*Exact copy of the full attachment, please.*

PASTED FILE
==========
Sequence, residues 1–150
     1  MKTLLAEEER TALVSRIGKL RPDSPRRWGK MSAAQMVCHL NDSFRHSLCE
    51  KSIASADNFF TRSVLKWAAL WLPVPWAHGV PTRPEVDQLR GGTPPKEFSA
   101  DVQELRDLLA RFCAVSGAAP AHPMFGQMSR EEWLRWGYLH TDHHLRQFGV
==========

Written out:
Sequence, residues 1–150
     1  MKTLLAEEER TALVSRIGKL RPDSPRRWGK MSAAQMVCHL NDSFRHSLCE
    51  KSIASADNFF TRSVLKWAAL WLPVPWAHGV PTRPEVDQLR GGTPPKEFSA
   101  DVQELRDLLA RFCAVSGAAP AHPMFGQMSR EEWLRWGYLH TDHHLRQFGV